MAGDEBURG, GERMANY - JUNE 04: An AfD (Alternative für Deutschland) supporter attending the political parties end of Regional State Elections Rally on June 4,2021 in Magdeburg, Saxony-Anhalt, Germany in 2021 holds 'We are the People' flag. 'Wir Sind Das Volk' is a political slogan that was initially shouted as a speaking choir during the Monday demonstrations in 1989/1990 in the GDR to protest against the GDR government. Since 2014, the exclamation has been used increasingly in circles around the ethnic , racist , Islamophobic , right-wing populist movements in Germany. (Photo by Craig Stennett/Getty Images)

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Germany may be left ‘ungovernable’ after 2024 elections


The forthcoming 2024 elections in Germany could leave the country “ungovernable”, a historian has warned.

Katja Hoyer, an expert on the history of the formerly Communist-controlled East Germany, drew parallels between the Weimar period, arguing that while 2024 was certainly a less “dangerous” time overall, it still bore similarities to the pre-Nazi era.

Speaking to Justin Stares, the Head of News at Brussels Signal, Hoyer compared how establishment politicians in both the current and Weimar periods failed to combat the rising tide of populism.

She criticised efforts to marginalise the hard-right Alternative für Deutschland (AfD) party as having backfired, with the group’s popularity “only increasing” over time.

The group is now on track to win all three state elections due to take place in Eastern Germany this year, That would make ruling the states difficult, both with and without the help of the party, Hoyer said.

According to her, a ruling coalition including the AfD would involve handing the controversial group considerable power, something deemed to be politically unviable for all mainstream German political groups, she said.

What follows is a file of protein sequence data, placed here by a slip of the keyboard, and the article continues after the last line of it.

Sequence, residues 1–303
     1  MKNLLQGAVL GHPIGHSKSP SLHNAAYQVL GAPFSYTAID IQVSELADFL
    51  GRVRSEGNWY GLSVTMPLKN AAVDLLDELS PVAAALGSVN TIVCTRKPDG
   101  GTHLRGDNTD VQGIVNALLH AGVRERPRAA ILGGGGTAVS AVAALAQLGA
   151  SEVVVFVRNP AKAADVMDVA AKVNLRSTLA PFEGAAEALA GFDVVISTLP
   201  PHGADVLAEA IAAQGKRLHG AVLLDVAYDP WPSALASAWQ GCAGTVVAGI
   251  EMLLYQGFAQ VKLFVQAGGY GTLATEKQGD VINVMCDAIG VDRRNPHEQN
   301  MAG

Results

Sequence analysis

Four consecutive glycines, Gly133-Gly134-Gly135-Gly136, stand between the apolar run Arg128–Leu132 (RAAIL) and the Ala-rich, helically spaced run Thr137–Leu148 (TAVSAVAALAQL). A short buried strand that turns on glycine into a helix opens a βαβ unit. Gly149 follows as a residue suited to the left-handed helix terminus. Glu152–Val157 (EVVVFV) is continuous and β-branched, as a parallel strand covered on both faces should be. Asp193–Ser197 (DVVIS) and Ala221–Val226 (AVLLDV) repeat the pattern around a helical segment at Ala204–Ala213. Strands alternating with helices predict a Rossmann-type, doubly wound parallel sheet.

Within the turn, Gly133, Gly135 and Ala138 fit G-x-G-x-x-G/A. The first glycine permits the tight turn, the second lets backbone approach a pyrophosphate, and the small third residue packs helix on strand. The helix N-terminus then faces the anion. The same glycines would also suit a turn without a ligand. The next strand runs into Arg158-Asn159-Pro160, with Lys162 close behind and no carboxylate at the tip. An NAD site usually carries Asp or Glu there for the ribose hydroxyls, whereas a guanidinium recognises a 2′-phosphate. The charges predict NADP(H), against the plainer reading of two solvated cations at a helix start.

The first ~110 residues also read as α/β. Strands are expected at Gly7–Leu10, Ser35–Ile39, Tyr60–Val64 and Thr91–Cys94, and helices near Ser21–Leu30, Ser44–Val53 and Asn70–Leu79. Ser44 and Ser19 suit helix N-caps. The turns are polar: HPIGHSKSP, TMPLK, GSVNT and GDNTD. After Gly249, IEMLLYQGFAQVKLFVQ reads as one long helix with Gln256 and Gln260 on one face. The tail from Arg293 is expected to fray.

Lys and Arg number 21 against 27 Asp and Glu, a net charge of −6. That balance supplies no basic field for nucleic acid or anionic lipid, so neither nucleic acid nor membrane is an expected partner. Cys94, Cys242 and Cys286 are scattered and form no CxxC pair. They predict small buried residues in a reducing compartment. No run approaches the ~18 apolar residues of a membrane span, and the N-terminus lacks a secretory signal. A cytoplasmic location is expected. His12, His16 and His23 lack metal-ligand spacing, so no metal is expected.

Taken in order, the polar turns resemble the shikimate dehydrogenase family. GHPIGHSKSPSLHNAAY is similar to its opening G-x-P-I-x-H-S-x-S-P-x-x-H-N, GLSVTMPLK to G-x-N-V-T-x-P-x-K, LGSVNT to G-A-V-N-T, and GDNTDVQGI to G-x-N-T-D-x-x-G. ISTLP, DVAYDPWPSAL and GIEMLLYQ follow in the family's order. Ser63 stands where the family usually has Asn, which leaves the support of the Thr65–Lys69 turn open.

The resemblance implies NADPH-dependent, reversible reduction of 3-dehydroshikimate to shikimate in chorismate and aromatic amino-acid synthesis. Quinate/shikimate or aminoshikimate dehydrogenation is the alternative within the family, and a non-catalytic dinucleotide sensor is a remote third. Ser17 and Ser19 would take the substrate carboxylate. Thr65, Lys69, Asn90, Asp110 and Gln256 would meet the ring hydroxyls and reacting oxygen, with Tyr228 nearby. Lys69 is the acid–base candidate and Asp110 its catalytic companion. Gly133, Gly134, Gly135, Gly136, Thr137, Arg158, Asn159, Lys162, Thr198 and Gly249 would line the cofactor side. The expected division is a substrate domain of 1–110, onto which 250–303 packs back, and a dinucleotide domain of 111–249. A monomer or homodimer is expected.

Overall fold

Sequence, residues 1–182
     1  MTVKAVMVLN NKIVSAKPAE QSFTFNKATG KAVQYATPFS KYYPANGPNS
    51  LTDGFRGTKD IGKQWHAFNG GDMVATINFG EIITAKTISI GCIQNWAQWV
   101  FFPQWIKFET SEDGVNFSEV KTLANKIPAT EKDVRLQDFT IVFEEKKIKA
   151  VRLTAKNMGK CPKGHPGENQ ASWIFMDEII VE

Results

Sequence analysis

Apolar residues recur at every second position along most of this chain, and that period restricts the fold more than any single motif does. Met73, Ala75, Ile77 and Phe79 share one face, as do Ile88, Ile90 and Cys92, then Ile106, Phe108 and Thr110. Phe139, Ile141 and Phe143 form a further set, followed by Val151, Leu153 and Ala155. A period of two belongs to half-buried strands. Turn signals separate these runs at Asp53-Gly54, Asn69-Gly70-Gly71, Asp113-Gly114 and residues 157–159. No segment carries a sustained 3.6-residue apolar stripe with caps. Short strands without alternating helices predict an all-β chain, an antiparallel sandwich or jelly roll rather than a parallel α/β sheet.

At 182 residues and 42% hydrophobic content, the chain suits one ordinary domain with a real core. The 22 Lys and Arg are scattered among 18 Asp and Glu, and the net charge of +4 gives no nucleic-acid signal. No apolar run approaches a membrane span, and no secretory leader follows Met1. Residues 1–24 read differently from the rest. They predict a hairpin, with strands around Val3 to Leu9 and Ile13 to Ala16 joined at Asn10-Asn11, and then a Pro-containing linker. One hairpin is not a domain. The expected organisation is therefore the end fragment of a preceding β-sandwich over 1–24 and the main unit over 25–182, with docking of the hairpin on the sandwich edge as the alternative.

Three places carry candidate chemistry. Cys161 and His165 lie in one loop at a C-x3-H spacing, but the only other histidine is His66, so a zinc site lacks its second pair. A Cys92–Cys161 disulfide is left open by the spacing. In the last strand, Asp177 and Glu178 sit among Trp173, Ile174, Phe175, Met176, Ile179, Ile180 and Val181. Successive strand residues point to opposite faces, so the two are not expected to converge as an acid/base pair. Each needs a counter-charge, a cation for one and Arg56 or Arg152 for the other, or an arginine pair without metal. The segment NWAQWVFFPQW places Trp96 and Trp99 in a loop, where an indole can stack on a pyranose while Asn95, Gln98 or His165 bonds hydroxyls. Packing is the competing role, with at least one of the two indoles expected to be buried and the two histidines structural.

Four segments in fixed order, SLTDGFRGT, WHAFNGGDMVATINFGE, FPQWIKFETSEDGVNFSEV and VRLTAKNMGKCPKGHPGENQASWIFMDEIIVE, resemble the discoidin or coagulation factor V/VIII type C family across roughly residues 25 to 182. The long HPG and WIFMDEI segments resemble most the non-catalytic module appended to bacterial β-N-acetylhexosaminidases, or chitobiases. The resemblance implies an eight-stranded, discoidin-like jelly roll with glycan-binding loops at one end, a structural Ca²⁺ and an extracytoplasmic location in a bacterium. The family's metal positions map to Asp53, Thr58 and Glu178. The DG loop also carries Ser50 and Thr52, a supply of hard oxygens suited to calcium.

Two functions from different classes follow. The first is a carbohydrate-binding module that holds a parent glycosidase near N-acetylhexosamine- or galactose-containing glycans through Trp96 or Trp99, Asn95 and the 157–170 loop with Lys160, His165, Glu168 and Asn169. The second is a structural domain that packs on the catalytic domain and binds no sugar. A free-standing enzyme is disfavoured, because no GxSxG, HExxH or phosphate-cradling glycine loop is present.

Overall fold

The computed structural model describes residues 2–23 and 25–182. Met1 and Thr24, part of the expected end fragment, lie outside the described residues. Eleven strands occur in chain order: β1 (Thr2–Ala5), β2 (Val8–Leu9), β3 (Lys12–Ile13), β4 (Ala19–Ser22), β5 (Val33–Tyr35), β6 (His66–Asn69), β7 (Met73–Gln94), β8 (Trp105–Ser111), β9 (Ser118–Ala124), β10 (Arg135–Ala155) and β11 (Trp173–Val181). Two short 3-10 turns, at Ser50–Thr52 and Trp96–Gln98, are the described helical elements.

Attempting to form a coalition without it would involve bringing together a disparate group of political parties into a single power block, which would make the act of governing nearly impossible, Hoyer stated.

“Eventually, it becomes very difficult to rule without [the AfD],” she warned.

“If you form a coalition against them, you create such a broad political spectrum that it becomes very, very difficult to run the country together, because the whole point of that coalition would be to keep the AfD out of power.

“Then you do indeed end up in a very similar situation that brought one Weimar government after another down in the 1920s.”

Hoyer argued that mainstream politicians now needed to work to regain the “trust of normal German voters”, both in the East and the West.

That would involve pulling back on criticising those who vote for the AfD. She described such attacks as unhelpful, even if one considered certain elements of the party as “undemocratic”.

“What people must not confuse is that the vote for [the AfD] isn’t, by definition, undemocratic,” Hoyer said, arguing that a “positive case for other politics” was now needed to “entice people back”.

“You cannot tell people in a democracy that their vote doesn’t count, or is wrong, or is not valid because that is undemocratic in itself.

“Some of the placards, for example, at the mass demonstrations [against the AfD] that have been happening, where people were calling AfD voters ‘disgusting’ and ‘neo-Nazis and fascists’, that’s no way to win anybody back.

“It’s a fifth of the population we are talking about at the moment,” she added.

“You can’t stand there and tell these people that they are disgusting and then tell them to vote for you again afterwards.”